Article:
More than 100 years ago, abolitionist leader Frederick Douglass said it is easier to build strong children than to repair broken adults. Recently, Harvard economist Ed Glaeser, when asked for his advice for cities, said: “It’s fundamentally about kids. You really want to be investing in children.”
There are truisms that span centuries simply because they are obvious and self-evident. Focusing on our youngest children heads that list, and it is one time when conventional wisdom, science, and exhaustive research coincide.
That’s why The Urban Child Institute has been so busy over 60 days emphasizing the pivotal factors that determine if our children have their best chances to succeed in school and in life — toxic stress and brain development.
TUCI brought Robin Karr-Morse to Memphis to discuss her new book, Scared Sick: The Role of Childhood Trauma in Adult Disease, which explains how toxic stress triggers physical and mental health issues that have created a major public health crisis in our city and in our nation. “What happens emotionally affects us physically,” she said. “Healthy, healing experiences protect us against disease. The opposition [sic] is also true – the emotion/disease connection. Seventy percent of the causes of disease are epigenetics.”
It’s a stunning statement, especially as it relates to Memphis because of the large number of children living in situations of toxic stress. Epigenetics – the study of changes in gene activity that do not involve alterations to the genetic code but still get passed down – has shown that the answer to health problems lies beyond nature and nurture, because powerful negative environmental conditions – diet, stress, prenatal nutrition – can leave an imprint on genetic material.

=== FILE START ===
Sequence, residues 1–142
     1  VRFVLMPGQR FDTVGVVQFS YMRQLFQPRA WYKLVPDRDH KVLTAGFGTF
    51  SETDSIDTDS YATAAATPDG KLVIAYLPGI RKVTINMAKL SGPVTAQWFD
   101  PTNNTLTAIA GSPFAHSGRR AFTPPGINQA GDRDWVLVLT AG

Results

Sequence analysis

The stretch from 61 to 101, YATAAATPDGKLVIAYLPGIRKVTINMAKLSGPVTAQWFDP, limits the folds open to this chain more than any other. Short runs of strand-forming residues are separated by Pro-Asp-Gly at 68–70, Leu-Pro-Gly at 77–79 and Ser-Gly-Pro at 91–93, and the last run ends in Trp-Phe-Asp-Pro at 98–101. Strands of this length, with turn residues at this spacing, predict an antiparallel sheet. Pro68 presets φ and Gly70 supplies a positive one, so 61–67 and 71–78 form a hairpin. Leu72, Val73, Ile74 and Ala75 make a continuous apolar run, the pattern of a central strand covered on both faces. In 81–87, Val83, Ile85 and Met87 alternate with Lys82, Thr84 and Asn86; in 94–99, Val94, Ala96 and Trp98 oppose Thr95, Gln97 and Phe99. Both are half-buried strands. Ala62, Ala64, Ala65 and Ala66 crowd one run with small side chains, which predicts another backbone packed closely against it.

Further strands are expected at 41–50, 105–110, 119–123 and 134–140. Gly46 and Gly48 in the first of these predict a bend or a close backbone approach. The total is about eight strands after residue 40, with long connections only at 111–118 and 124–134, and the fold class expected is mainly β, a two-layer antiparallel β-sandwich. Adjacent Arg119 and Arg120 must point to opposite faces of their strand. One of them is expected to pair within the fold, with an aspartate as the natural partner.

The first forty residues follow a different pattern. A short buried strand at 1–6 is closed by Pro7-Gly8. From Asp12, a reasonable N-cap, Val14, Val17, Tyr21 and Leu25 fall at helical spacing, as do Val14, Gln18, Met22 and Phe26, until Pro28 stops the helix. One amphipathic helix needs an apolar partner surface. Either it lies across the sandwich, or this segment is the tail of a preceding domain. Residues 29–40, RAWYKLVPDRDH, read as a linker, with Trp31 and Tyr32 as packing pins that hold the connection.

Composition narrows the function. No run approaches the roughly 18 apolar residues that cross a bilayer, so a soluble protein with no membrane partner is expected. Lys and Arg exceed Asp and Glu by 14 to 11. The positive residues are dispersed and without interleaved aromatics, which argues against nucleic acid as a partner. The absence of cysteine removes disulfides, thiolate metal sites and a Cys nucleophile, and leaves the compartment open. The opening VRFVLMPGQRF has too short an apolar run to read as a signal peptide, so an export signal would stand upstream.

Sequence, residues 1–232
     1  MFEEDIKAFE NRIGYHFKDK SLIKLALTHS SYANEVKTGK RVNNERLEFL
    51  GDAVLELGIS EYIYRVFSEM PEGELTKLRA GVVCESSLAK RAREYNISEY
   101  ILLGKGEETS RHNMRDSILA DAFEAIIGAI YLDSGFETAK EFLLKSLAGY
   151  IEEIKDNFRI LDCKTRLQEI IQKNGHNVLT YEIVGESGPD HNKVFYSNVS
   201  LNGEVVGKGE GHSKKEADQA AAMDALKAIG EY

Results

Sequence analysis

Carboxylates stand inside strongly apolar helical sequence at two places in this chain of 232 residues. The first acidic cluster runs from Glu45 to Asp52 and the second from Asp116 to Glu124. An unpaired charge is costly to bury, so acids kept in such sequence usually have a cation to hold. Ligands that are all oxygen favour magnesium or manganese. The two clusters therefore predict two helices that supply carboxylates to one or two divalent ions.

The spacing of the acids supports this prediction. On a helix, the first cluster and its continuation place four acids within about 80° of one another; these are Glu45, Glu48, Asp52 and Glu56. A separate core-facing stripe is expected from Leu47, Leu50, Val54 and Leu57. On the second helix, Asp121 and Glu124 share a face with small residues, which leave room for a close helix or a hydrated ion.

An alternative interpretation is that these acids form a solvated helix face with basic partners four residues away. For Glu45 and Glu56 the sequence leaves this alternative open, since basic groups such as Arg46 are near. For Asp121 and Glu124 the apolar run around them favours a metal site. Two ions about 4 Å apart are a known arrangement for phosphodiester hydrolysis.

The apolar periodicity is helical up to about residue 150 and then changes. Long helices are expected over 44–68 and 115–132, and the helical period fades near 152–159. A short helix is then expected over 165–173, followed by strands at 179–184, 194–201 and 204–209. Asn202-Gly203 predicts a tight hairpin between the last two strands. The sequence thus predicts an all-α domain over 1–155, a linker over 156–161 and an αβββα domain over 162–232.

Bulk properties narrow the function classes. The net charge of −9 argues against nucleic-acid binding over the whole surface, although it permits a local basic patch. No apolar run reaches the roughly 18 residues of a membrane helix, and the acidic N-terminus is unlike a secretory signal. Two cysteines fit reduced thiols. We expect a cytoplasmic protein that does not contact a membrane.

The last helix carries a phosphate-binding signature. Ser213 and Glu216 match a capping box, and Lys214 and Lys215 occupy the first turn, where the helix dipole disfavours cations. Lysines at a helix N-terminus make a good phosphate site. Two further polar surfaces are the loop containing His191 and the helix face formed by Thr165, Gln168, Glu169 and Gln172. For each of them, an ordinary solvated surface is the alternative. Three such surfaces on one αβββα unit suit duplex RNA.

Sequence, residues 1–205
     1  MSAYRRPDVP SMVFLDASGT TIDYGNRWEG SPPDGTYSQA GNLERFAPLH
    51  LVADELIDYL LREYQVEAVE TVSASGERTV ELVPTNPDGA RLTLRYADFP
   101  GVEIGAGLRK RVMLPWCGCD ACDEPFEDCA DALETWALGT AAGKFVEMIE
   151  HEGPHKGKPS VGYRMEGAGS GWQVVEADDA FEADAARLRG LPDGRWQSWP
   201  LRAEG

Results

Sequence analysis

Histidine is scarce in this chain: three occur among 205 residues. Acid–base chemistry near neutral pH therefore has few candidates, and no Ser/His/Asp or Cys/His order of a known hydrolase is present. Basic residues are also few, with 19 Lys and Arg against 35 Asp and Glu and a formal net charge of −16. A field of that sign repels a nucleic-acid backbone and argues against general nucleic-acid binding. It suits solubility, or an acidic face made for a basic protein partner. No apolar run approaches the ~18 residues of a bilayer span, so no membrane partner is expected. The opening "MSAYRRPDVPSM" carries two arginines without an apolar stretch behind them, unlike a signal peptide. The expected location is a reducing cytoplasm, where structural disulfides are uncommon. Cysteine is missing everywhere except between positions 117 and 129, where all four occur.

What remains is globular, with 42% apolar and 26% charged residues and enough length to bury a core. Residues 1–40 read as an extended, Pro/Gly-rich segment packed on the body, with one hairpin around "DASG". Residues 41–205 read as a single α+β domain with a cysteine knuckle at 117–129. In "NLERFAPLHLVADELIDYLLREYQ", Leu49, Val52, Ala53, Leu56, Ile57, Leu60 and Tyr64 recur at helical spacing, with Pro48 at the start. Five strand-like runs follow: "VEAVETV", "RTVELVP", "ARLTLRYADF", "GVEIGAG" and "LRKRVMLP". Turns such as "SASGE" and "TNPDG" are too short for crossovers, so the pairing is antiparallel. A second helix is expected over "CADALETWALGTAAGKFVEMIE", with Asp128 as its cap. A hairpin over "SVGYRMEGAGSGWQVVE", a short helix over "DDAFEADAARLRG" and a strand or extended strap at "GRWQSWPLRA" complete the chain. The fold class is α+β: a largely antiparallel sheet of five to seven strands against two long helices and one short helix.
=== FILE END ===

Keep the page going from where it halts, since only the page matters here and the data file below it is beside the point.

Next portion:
In other words, we know that we can shorten our own lives by smoking or overeating, but it’s becoming clear that these behaviors can also predispose our children to disease and early death. Epigenetic changes are a biological response to an environmental stressor, but it is not DNA. “When someone has neither the option of flight or fight, terror in the face of helplessness results in a freeze,” said Ms. Karr-Morse. “Trauma is fear frozen in the body physically. Babies can be born traumatized at birth.”
Memphis is near the bottom of most health-related indicators, and no city has a greater stake in addressing the toxic stress that predisposes people to health problems from birth to death. “Childhood trauma is the elephant in the room in Memphis,” she said. “It’s a key factor in altering horrible health outcomes. What if Memphis created a plan to show how a city can shift their place in the health ratings? Trauma talk is brand new, so why not have Memphis set the pace by convening all the key players focused on a continuum concentrating on zero to 3 years?”